No matter how enthusiastic you are when you start homeschooling, there will be days when you wonder why on earth you’re doing this. The kids don’t want to do their math, your house is a mess, you worry they’ll be years behind in everything but home ec, and it frankly doesn’t feel very fun for anybody.
When those days arrive, it’s time to mix things up a little and put your priorities in order.
Here’s how to make it all a little easier.
1. Stop playing school! If you do “school at home” and you and the kids love it, by all means keep it up. If you’re assigning papers and giving spelling tests to kids who greet it all with the same enthusiasm they greet dental appointments then it’s time to find a new way to homeschool!
Go to a great free printables site like Donna Young and print out a weekly homeschool schedule. Don’t plan a thing in it, though. Write each child’s name in it and list the subjects you want to cover (math, reading, PE, science, life skills..). Now throughout the day write things down that count for those subjects as you do them. As the day or week progresses, you may notice things that don’t get filled. Fill them with a quick fun activity like an impromptu spelling bee while you prepare dinner together, setting the kids up with a math game online or reading aloud from “A Little History of the World” while everybody plays with LEGOS.
Even if you only do this for a week to give yourselves a break once a month, your kids will learn a ton and you’ll see how natural this homeschool business can be.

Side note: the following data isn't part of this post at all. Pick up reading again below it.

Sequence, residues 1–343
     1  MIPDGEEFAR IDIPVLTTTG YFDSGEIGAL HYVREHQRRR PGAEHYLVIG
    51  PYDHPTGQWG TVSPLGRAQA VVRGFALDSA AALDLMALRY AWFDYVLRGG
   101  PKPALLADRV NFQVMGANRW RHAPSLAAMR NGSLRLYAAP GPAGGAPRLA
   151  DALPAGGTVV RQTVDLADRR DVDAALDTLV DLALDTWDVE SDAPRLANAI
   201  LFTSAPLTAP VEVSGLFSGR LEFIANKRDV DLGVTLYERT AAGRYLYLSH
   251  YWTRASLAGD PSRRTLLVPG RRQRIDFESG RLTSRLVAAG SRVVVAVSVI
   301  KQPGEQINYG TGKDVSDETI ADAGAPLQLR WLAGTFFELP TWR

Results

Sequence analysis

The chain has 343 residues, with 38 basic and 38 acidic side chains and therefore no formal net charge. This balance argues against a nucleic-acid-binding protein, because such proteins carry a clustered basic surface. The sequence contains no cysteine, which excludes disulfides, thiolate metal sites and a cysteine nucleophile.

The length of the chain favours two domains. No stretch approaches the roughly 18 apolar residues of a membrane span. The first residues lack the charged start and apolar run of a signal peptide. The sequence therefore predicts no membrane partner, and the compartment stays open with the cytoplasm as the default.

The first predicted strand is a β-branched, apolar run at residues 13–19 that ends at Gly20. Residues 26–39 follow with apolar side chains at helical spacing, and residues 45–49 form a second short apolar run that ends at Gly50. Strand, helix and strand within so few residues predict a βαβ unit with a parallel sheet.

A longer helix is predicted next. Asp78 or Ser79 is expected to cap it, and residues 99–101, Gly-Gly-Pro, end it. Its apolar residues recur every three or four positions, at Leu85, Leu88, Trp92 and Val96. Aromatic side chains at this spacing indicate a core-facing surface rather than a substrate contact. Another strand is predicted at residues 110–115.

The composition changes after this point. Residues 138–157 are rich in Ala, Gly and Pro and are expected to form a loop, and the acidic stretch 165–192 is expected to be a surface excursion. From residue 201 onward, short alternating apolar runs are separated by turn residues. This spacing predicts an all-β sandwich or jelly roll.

2. Keep your perspective. We’ve all had those moments — Your neighbor mentions that her third grader just completed a report on Chinese dynasties, and yours doesn’t know what a dynasty is. Your child mails a letter to Grandma and Grandma calls to say that half the words are spelled wrong and asks if you’re sure she should be homeschooling. You read a “scope and sequence” for what your first grader should be learning, and you don’t even know what half the words mean.
It’s okay! That neighbor’s child probably had no interest in Chinese dynasties and will forget it all by Tuesday. Your child also knows and does a thousand things that the local kids don’t know. That spelling will improve, just as speaking and walking improve as children do them in life. As for scopes and sequences, they are written in edu-speak. Most of the standards are common sense and basic skills cloaked in fancy words for administrators.